There is a current game going around of comparing the NBN to successful past public projects. The other week I used the Columbus Voyages although that was supposed to be on the issue of cost-benefit analyses that were hard to do rather than some direct comparison. That is, I’m not saying that because the Columbus Voyage turned out to be a success (at least for Europeans) that the NBN will too but that those voyages would have likely failed a cost-benefit analysis because such analyses have problems. Consequently, begging for more narrow cost-benefit analyses on the NBN does not seem the way to go.
The Government has used the Snowy Mountains Scheme and yesterday, there was some challenge on that front. According to Angus Taylor, who has personal familial knowledge of the scheme, proper cost-benefit analyses were carried out prior to its commencement. He makes three points.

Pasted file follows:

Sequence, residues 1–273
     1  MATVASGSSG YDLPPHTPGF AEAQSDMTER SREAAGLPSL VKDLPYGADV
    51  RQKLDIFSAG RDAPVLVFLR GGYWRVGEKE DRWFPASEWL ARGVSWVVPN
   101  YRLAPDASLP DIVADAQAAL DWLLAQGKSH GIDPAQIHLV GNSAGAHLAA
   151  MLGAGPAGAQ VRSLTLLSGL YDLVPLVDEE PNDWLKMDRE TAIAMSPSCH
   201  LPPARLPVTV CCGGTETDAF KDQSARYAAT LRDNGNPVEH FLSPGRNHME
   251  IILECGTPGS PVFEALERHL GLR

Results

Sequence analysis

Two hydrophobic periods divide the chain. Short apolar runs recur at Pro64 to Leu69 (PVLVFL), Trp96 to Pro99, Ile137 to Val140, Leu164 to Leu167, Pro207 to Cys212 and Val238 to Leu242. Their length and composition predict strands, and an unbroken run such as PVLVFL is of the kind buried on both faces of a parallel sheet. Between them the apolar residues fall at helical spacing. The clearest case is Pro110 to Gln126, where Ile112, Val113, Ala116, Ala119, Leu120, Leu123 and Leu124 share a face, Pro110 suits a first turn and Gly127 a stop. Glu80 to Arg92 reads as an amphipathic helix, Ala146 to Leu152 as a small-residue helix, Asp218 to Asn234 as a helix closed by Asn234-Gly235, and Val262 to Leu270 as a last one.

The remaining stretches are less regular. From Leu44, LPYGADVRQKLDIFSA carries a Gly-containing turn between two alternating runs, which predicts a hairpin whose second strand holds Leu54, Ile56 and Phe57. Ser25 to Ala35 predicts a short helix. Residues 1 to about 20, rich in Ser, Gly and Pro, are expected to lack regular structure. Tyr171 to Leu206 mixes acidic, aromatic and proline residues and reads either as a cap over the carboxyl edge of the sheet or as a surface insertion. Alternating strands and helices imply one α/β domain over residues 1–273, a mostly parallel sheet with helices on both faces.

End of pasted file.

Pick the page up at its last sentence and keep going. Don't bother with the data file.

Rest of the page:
- The Snowy scheme delivered benefits people could see — namely, getting rid of electricity blackouts in Sydney.
- It involved a substantial and diverse immigrant workforce that was unifying in the wake of WW2.
- It involved public ownership but with private outsourcing of various elements — apparently, innovative for the time.
Now all of those things are interesting. To those who argue that we don’t need big Government solutions to infrastructure problems, it is surely the relevant counter-example. And in the end it says that the NBN, because of its scale, will need to be innovative to succeed. That is all fine and maybe the Government today doesn’t have the mettle to pull it off. But the claim at the beginning of the piece is that the Snowy-NBN analogy was false:
“The Snowy was exceptional in many ways and has had a lasting effect on our nation. Like the Snowy hydro scheme, the NBN requires a big chequebook, but that may be where the similarities end.”
Put simply, the article argued that the Government could learn alot of relevance for the NBN from the Snowy experience on implementation. How can that possibly be a ‘false analogy’?